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Int J Chron Obstruct Pulmon Dis. 2018 Dec 21;14:93-100. doi: 10.2147/COPD.S190423. eCollection 2019.

Effects of community-based pulmonary rehabilitation in 33 municipalities in Denmark - results from the KOALA project.

Author information

1
Department of Respiratory Medicine, Amager and Hvidovre University Hospital, Hvidovre, Denmark, nina.skavlan.godtfredsen@regionh.dk.
2
Institute of Clinical Medicine, University of Copenhagen, Copenhagen, Denmark, nina.skavlan.godtfredsen@regionh.dk.
3
Clinic of Pulmonary and Allergic Diseases, Horsens, Denmark.
4
Department of Pulmonary and Infectious Diseases, Copenhagen University Hospital, Hillerød, Denmark.
5
Municipality of Vejle, Vejle, Denmark.
6
GlaxoSmithKline A/S, Brøndby, Denmark.
7
Dollerup Medical Consultancy, Hornbæk, Denmark.
8
Municipality of Aalborg, Aalborg, Denmark.

Abstract

Background:

The positive impact of pulmonary rehabilitation (PR) in patients with COPD is well documented. However, little is known regarding the effect of this treatment in community-based settings. Since 2007, all Danish municipalities have been offering PR to patients with moderate to severe COPD, whereas patients with very severe disease or those suffering from many comorbidities were referred to outpatient hospital-based PR.

Objective:

To analyze the effect of a standardized PR program conducted in a community-based setting on exercise capacity and health-related quality of life (HRQoL).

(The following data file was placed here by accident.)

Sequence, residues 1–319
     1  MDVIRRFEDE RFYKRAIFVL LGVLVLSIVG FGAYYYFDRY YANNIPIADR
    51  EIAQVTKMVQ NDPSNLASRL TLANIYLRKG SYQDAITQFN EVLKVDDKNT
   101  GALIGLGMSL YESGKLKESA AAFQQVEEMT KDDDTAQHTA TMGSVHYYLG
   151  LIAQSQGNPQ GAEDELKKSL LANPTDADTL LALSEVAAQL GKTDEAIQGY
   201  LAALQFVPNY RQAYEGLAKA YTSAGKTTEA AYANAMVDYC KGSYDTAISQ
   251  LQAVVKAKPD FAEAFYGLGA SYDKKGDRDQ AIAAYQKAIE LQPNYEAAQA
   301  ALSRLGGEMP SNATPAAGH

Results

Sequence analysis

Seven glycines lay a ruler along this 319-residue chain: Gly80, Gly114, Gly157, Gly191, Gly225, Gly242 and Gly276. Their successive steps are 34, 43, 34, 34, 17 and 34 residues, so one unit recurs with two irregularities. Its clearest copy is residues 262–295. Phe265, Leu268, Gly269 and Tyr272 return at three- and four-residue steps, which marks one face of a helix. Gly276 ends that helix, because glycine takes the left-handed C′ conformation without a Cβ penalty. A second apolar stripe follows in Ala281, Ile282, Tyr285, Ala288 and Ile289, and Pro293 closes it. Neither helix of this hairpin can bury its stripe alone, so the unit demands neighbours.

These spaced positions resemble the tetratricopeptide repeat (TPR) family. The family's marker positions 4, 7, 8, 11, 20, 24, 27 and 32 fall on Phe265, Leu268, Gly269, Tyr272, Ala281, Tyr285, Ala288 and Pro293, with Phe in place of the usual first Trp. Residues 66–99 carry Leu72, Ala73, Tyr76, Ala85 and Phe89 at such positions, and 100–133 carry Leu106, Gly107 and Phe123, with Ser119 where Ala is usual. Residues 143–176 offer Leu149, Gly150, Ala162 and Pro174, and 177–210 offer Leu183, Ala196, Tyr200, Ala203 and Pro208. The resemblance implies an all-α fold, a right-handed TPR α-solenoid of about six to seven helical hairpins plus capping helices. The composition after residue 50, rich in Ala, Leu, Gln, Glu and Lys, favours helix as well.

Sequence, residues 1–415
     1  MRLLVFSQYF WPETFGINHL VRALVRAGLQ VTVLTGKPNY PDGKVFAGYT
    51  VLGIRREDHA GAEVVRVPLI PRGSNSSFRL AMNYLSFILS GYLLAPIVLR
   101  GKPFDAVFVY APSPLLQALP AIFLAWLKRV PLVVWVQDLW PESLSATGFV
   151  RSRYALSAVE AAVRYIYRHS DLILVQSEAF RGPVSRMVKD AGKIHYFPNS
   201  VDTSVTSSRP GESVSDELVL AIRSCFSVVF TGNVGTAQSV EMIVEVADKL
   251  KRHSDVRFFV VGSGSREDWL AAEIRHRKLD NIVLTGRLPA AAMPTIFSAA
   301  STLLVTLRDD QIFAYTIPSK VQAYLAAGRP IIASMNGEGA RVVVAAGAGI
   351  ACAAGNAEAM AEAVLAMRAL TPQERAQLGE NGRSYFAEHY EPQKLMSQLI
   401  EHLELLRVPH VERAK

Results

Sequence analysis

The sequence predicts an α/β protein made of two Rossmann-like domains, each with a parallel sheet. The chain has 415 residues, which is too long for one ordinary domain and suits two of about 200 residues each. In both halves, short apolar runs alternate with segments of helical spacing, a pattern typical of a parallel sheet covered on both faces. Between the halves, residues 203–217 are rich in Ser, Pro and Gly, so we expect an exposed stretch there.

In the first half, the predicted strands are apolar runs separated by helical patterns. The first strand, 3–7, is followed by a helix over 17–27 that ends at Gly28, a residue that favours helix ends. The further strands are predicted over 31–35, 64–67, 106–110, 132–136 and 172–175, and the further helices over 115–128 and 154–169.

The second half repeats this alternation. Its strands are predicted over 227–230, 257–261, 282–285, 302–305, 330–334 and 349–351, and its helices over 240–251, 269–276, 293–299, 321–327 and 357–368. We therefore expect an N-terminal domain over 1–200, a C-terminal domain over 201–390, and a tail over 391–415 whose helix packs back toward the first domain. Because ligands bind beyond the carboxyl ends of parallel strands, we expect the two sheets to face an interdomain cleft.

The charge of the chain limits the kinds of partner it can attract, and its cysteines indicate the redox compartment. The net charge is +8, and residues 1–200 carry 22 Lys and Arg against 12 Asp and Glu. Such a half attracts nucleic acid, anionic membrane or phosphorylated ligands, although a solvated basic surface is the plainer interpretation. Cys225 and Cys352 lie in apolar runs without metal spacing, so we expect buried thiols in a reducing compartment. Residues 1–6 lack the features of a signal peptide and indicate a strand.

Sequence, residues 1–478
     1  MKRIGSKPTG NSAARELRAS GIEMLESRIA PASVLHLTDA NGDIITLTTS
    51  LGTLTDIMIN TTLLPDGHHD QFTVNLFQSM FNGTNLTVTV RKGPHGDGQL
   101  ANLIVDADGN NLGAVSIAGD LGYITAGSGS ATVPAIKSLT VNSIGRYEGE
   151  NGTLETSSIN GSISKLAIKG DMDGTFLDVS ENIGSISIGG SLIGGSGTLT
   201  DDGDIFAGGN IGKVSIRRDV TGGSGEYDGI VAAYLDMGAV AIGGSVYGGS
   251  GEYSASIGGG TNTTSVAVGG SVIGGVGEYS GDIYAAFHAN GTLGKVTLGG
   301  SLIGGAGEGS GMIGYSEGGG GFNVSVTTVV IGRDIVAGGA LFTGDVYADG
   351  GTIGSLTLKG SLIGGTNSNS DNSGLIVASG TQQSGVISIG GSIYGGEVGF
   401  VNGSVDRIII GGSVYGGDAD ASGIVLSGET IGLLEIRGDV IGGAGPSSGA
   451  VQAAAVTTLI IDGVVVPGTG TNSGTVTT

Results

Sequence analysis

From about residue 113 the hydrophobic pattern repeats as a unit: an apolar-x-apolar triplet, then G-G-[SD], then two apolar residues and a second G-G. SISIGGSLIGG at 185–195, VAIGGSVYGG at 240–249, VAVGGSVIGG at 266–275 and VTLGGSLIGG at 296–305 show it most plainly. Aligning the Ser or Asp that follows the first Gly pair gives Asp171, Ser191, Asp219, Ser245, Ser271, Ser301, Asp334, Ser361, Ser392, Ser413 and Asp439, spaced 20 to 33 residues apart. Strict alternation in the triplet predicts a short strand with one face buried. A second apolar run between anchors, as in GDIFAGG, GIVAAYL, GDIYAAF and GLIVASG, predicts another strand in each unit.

Methods:

This is a real-life study including data from patients attending PR at one of the 33 healthcare centers in Denmark during the period 2011-2012. For the purpose of registration and for quality assurance, the KOALA database was established and this web-based registration instrument was offered free of charge to every municipality. Measures included sociodemographic and health-related variables and outcomes were exercise capacity and HRQoL assessed by 6-minute walking distance (6MWD) and the 15D questionnaire, respectively, at the beginning (baseline) and after completion of PR. Relative improvements in 6MWD and 15D were analyzed with multivariable linear models in patients who attended >50% of the sessions.

Results:

A total of 581 patients completed the PR (72% of those included). We found statistically significant and clinically meaningful differences between baseline and end of rehabilitation values for both main outcomes with a mean change in 6MWD of 45 m, and the magnitude of improvement corresponds to other findings. Furthermore, relative improvements in 6MWD and 15D were correlated, as was the relative change in 15D and baseline Medical Research Council scores.

Conclusion:

Standardized, multidisciplinary PR conducted in a community-based setting showed good adherence to the program and produced effects on exercise capacity and HRQoL that were clinically meaningful and comparable in size to hospital-based PR.

KEYWORDS:

COPD; community-based; exercise capacity; pulmonary rehabilitation; quality of life

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